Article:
In the corner of the patch of land I call home there used to sit a treehouse. The funny thing about this treehouse is that it was never in a tree at all. It was a small wooden shed, perched atop nothing but solid ground.
I was never sure why we called it a treehouse. But we were certain it was a treehouse, just like the way the sky is blue and grass is green. More often than not, the wooden house was covered—in mud, shards of grass, pillows of moss, globs of paint. I climbed the ladder every afternoon, sat on the top floor with nothing but the company of the small spiders crawling in the cracks of the walls and the cool breeze of an after-school evening whistling in my ear. I watched the paint begin to chip.
I used to sit on the top floor of the treehouse and gaze out. Now, I miss being small, despite often yearning to grow up. I felt a rush when dipping my head forward out of the small wooden window, seeing the ground so far away for the first time. I liked having a space I could call my own. I liked that there were no doors like a real house. It was nothing like anything else ever. The treehouse was unique, and was my own. How lucky was I!
I would jump over the small barricade blocking the corner of my backyard off from the rest of it. When day-old rain had sloshed about in looming puddles, I took my leap and reveled in feeling the mud squish between my toes. I sat on the hammock, rocking back and forth, back and forth, letting my wispy brown hair trail off into the grass. I was not afraid of the splinters in my fingers as I climbed into my home. I welcomed nature, all of it. It had never felt so easy to let something seep into my skin, taking space in my body like a warm, well-lit home. I don’t think I will feel this way about anything ever again.
Doesn’t everyone want to be outside? Running and crouching beside a river, dipping their fingers and their toes and letting the sparkly, muddy water run through the gaps?
This was in the beginning, when I had time and space and patience in such abundance that I did not have to be aware of it. I was wildly, wildly oblivious. I saw anything and everything all the time, even when my eyes were closed.
I think adults only want to travel and see the world because their own homes have lost the magic they felt so strongly as a child. The sound of cicadas, the feeling of wind on your bare arms as the seasons change, the smell of flowers in the spring, and the yellow of buttercups under your chin all tend to dull as you grow inch by inch. I think we begin to crave these feelings with a certain hunger no experience can satisfy ever again.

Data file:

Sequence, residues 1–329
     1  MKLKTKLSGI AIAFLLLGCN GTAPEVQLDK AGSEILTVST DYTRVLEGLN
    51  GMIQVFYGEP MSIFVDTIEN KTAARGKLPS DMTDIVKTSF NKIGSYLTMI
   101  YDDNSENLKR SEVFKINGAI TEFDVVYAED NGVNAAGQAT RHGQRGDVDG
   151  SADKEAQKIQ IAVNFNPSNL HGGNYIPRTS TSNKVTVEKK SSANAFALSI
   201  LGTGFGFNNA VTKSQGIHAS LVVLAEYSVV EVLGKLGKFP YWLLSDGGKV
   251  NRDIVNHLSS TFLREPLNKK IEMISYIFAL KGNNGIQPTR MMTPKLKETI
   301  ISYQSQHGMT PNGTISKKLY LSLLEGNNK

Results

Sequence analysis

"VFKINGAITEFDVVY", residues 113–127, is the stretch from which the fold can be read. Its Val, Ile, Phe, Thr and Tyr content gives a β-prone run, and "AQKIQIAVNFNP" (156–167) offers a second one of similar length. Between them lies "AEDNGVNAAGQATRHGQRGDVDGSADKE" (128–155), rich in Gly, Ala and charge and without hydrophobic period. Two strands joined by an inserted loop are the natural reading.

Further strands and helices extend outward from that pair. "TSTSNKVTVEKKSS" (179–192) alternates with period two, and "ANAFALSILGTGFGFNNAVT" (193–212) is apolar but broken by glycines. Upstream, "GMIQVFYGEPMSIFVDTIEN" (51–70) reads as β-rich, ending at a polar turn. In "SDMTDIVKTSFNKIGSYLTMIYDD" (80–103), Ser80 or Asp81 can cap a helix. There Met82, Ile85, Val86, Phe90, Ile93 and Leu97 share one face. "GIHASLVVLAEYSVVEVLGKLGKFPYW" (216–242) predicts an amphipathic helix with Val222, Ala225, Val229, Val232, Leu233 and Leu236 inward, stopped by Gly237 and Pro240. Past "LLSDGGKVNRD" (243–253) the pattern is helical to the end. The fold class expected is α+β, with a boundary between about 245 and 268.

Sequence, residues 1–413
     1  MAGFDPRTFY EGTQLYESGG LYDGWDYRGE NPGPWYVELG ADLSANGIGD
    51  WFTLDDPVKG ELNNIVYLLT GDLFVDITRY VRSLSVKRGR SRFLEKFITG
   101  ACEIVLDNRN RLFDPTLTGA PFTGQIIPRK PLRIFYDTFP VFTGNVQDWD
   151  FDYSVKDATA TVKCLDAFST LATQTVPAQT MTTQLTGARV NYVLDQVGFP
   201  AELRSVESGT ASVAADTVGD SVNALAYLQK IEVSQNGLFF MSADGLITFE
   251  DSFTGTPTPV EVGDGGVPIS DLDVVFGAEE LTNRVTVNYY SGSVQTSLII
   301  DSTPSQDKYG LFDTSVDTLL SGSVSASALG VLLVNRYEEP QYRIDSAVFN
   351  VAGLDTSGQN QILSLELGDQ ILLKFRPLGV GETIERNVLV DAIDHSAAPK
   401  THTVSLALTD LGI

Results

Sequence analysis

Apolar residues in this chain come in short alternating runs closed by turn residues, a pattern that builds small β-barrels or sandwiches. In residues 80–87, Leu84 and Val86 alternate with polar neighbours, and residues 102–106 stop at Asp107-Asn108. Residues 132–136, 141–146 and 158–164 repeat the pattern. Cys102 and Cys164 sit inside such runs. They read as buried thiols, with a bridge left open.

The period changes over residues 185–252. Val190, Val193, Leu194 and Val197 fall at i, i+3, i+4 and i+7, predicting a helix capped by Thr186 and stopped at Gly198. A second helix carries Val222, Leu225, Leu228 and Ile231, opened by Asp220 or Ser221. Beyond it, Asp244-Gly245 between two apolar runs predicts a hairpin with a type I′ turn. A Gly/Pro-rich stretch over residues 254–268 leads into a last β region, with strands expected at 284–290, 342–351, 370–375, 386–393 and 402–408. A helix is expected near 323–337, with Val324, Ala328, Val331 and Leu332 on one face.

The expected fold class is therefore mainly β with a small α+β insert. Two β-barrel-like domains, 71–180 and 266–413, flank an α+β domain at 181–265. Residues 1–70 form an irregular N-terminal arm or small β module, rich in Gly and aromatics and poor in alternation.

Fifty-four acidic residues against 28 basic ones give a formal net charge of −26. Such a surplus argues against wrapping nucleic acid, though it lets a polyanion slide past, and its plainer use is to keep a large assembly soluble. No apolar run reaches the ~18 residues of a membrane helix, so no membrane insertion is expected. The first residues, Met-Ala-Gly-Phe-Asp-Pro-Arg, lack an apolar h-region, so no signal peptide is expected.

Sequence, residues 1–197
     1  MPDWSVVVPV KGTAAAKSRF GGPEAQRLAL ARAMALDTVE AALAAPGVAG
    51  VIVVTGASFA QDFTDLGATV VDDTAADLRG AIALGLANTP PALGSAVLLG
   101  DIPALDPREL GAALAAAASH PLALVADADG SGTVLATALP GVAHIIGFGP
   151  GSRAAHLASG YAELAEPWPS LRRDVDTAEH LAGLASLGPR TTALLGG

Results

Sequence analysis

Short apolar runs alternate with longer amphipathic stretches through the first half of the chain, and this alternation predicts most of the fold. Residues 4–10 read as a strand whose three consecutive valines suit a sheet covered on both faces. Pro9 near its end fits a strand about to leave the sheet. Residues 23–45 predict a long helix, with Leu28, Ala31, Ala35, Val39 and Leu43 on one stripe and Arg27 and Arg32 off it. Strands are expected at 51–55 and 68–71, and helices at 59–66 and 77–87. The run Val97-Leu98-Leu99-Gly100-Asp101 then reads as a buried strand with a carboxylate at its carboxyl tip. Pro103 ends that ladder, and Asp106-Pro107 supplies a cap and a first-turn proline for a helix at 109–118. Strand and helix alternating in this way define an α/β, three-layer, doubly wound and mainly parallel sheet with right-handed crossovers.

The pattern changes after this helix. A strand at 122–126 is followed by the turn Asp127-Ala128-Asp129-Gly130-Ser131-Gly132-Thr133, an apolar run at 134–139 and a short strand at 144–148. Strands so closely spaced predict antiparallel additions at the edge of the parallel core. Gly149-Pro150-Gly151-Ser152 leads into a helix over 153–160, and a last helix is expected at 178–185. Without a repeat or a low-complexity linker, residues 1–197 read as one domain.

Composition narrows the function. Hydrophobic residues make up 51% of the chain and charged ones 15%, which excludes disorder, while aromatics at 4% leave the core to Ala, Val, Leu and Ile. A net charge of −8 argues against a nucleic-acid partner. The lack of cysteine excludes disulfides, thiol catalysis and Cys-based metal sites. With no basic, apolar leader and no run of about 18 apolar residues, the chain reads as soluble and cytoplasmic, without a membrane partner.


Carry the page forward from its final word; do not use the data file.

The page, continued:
So adults venture out into the woods, on hikes across mountaintops and paths winding into the wilderness. And they can feel strongly there, of course, but never in the same way—with that immeasurable, whole-body feeling—that they did as that wandering child who still lives on in their memories.
Will they ever return home?
Our real house could be loud, the indoors too boring and too stuffy. In the treehouse, I would look out for hours and hours. A window with no window pane was the best way to see the leaves and the willowing oaks and the garnet ladybugs and the dragonflies buzzing in pairs.
I would drag my fingertips across the pad of my palm, feeling each magical line and faded scar and raised scrape and slightly red blemish. In my wooden home, my eyes would connect to the sky or a singular branch, guessing the shapes of clouds and tracing the continuous spirals of sycamore bark. The clock froze. I was there forever.
When something is there all the time, you can argue that it is not there at all. In my childhood, there was a constant feeling of go, go, go, not one second free; everything was booked and busy. It was those moments, when I could count the stripes on an autumn leaf, blow on dandelions in the spring, sink my hands into the slush as winter melted—little actions, minute moments, when I could fill up my brain with nothing, soaking up oxygen and sunlight like a small house plant.
Seasons of transition—as fall turns to winter and spring dives into summer—fill me up with excitement and joy and glee, the anticipation of such a simple event. Mundane, ordinary, peaceful. As a being, I am nothing more, nothing less, than the counterpart of my surroundings. The greenery humbles me by reminding me that I am just like them too—growing, gleaming, existing and breathing, and one day, gone.
I have built a home within the walls of my brain, memories as birch building blocks and fallen leaves as roof shingles and my spiraling imagination as the cirrocumulus clouds above. I step inside and focus on the gleaming, stretching my hands up to the sun when I feel like it, sinking my toes into the muddy earth, and running in the shallow waters of a freezing cold brook. I look out my window and I am at peace, not even caring that it has panes.